In each of the two years before Trenton made the switch to monochloramine, fewer than five children in the ZIP code spanning the town had blood lead levels above 5 micrograms per deciliter, which, at the time, was the Centers for Disease Control and Prevention’s reference value.
When the number of tests is that low, the Missouri Department of Health and Senior Services withholds data to avoid identifying children. So the exact number of children found to be lead poisoned in those years is not publicly known.
In 2014, it climbed to eight — then 13 in 2015 and 20 in 2016.
In 2017, it fell to eight and then to five or fewer starting in 2018.
Edwards said when monochloramine is added to water, the most severe lead leaching happens in the year or two that follow. That means Trenton wasn’t testing its water when it may have had its highest concentrations of lead.
After Trenton discovered the lead in its water, it treated it to stop the corrosion and its lead levels fell back below the EPA limits.
Where are the pipes?
Missouri is expected to receive $250 million over the next five years for lead service line replacement. Kansas will get $164 million, Nebraska will receive $142 million and Iowa will get $225 million.
But first, utilities have to identify where they are.
Data collected by Kansas, Missouri, Iowa and Nebraska under America’s Water Infrastructure Act of 2018 reflects almost 194,000 service lines made from lead or using lead connectors across the four states. But only a fraction of utilities were required to complete those surveys.
A study based on two voluntary industry surveys from 2011 and 2013 estimates those four states have 747,000 lead service lines, some of the most per capita in the country.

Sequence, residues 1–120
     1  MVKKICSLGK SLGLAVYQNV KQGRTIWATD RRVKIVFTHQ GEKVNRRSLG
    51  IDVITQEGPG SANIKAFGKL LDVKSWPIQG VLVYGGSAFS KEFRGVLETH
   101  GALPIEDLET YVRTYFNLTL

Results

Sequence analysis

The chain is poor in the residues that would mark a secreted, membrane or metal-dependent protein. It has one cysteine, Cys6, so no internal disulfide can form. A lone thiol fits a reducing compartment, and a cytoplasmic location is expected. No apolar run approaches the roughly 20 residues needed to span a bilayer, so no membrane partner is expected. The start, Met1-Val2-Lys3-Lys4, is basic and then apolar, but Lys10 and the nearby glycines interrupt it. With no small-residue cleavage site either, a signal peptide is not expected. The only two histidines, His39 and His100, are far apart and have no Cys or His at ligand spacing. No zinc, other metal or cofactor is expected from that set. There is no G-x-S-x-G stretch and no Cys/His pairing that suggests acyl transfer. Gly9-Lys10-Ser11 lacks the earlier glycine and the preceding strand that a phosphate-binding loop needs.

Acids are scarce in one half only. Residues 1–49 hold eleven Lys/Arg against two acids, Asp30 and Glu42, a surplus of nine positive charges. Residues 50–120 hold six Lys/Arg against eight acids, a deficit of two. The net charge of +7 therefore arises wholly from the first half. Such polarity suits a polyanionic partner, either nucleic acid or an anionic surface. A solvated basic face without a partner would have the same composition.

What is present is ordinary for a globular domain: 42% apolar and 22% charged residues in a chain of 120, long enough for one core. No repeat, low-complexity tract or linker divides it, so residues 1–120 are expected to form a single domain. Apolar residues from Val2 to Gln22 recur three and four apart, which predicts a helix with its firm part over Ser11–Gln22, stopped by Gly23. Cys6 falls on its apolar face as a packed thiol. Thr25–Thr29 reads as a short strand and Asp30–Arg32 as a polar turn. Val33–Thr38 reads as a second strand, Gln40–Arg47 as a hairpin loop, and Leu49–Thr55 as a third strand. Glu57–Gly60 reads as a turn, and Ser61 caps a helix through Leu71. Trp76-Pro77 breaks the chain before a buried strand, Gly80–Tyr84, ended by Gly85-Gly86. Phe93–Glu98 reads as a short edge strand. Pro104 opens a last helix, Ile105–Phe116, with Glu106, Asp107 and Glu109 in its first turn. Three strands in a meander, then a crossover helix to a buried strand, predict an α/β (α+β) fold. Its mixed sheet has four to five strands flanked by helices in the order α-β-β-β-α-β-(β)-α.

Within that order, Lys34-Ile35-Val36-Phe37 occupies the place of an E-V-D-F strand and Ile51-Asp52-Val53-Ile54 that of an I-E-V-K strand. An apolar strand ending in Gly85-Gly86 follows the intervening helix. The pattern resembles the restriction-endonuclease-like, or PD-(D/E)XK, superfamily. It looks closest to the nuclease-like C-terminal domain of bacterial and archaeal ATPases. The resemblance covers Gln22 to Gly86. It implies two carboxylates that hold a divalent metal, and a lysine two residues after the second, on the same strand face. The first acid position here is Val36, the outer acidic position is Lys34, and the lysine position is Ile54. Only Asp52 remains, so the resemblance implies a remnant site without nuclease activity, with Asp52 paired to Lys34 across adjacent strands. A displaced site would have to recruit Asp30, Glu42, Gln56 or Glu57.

“We don't have an estimate or a ballpark, but we do know that we have thousands of them in Iowa,” said Mark Moeller, supervisor of the water supply engineering section with the Iowa Department of Natural Resources.
Jeff Pinson, inorganics unit monitoring chief for the Missouri Department of Natural Resources, said utilities know quite a bit about the remaining lead service lines. But he said the state doesn’t know how many there are.
Until the inventory gets underway, it’s hard to say how many lead service lines might be remaining in Nebraska, said Jessica Johnson, an environmental specialist with the Nebraska Department of Environment and Energy who implements the Safe Drinking Water Act in the state.
“I would say until the ink is dry and they're submitted, I wouldn't want to make any guesses or anything like that,” she said.
The Kansas Department of Health and Environment said it received materials evaluations, used to determine testing sites, starting in 2017. It used those to fill out the surveys under the 2019 law.
“It will be a very big challenge for water systems and KDHE to complete the inventories by the deadline,” Matthew Lara, the agency’s spokesman, said in an email.
The data collected under the 2018 law shows huge numbers of lead service lines in St. Louis — about 50% of the city’s 127,402 hookups. That’s an estimate because St. Louis doesn’t know where the lines are, either.